Bulgarians at Bugojno

Lt. Anne-Claude Gouy
First published in
SFOR Informer#154, December 19, 2002

At Camp Butmir, everyone is used to seeing Bulgarian soldiers providing security at the two entrances where they check personnel identification and vehicle passes. They also patrol the camp during the day and night in order to maintain a safe and secure environment for the SFOR Headquarters. The Bulgarian soldiers are full members of SFOR, and they also perform other roles within Bosnia and Herzegovina (BiH) in addition to the now familiar role at Butmir. There is a group of Bulgarian soldiers stationed in Bugojno.

Bugojno - Even if the military base in Bugojno is called the Dutch base, one must not forget that there are not only Dutch soldiers there. In addition to the Romanian platoon (see SFOR Informer No 151), there are a number of Bulgarian soldiers who work day by day on the camp. First Lt. Nikolay Trifonov is the commander of the Bulgarian infantry Platoon that is comprised of 34 soldiers.
Good relations with the locals
"This is the first mission for me and for my platoon in BiH. We have been given extensive training to prepare us for our work here. We went to the Netherlands for 2 months and then we took part in a big exercise with the Dutch Battle Group (NLBG)" said Trifonov. The platoon is responsible for a number of different tasks that are divided between its three sections. They conduct 15 to 17 weekly patrols, provide security for the camp and also take part in SFOR information campaigns. "We take part in patrols for social reasons and to exchange information. We also participate in patrols to collect weapons. We have really good relations with the locals, particularly with the school director. We make about three patrols per week to the school in order to see how things are progressing between the children, and to give them some things" said Trifonov. "Do you know why we've got such a good relationship? Because we don't take any visible weapons when we go on our patrols" added 2Lt. Galin Ganchev, the interpreter from the Bulgarian platoon.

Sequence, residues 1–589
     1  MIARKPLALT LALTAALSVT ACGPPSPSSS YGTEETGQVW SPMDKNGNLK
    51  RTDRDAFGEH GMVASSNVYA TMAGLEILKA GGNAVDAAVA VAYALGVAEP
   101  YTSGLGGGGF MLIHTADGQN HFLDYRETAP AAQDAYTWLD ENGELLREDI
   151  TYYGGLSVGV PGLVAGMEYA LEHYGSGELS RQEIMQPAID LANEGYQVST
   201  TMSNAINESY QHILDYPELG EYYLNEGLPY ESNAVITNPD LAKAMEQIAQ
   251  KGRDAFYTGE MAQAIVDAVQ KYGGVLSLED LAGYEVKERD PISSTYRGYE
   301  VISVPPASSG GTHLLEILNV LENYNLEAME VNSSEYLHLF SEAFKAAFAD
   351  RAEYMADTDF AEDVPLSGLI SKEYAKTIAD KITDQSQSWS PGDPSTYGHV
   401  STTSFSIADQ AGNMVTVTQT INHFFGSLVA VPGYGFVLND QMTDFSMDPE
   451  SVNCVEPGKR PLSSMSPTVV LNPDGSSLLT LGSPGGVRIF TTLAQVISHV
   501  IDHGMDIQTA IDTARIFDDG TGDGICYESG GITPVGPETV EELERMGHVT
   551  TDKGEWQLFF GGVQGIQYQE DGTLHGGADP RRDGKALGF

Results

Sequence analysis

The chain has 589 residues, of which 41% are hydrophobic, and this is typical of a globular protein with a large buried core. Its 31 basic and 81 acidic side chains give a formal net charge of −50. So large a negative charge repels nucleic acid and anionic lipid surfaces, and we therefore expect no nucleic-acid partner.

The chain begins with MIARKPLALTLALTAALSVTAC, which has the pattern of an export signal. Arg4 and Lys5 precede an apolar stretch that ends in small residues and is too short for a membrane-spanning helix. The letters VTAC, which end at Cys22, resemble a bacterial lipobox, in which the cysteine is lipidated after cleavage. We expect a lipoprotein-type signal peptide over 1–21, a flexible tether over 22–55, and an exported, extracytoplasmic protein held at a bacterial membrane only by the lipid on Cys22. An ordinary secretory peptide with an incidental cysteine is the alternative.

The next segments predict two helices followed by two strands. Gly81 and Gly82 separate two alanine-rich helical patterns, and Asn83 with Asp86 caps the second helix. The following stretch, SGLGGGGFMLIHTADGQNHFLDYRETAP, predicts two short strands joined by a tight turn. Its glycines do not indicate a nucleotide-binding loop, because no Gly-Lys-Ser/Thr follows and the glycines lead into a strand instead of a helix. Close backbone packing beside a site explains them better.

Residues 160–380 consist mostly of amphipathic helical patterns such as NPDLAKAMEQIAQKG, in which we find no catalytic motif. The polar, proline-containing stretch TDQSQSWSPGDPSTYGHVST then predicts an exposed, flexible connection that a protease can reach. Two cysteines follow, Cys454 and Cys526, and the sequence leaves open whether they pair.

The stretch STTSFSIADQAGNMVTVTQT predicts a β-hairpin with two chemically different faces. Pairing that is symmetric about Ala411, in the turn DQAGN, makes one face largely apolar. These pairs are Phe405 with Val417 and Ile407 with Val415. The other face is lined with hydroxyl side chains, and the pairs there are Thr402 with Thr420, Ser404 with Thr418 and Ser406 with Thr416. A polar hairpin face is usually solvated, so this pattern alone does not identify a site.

Sunny days and happy people
Several drawing sheets are laid on the desk of Trifonov. The platoon's commander is very proud to show these to me as he explains: "It was a sort of competition in a school. The children had to draw what they think about SFOR. Five years ago, all the drawings were about mines, destroyed houses, war and so on. Now, we should be happy to see the result of our work here because the children express a lot of things in their drawings." In fact, most of the drawings show flowers, beautiful refurbished houses, sunny days and happy people.
Another part of the Bulgarian mission relies on one person: Capt. Dushko Minev who is a doctor. His task is to take care of the soldiers' health but he also helps local people and provides support to the Dutch medical team. "I often help my Dutch colleagues. For example, when they are out of Bugono, I'm the doctor of the base. Here I feel really useful, as I'm working as a real doctor, not just a medical team manager" said Minev.
So in addition to having good relations with the locals, the Bulgarian platoon also enjoy really good relations with the NLBG. "We've got a different way of leading people, but we try to overcome these differences. Of course there is a Dutch liaison officer, Lt. Mark van Den Broek, who can help me in many situations. It would be great to mention him because he's a really, really good officer" emphasised Trifonov. Isn't this the best sign of equality between all the nations who work in SFOR?

Related links:
Nations of SFOR: Bulgaria

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Photos: Sgt. Laurent Pontillon

The children's drawings show that, thanks to SFOR soldiers, mines and destroyed houses have been replaced with sunny days.

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After each patrol, work goes on to prepare everything for the next one.

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Sgt. Dimitar Dimitrov, section commander is ready for another mission.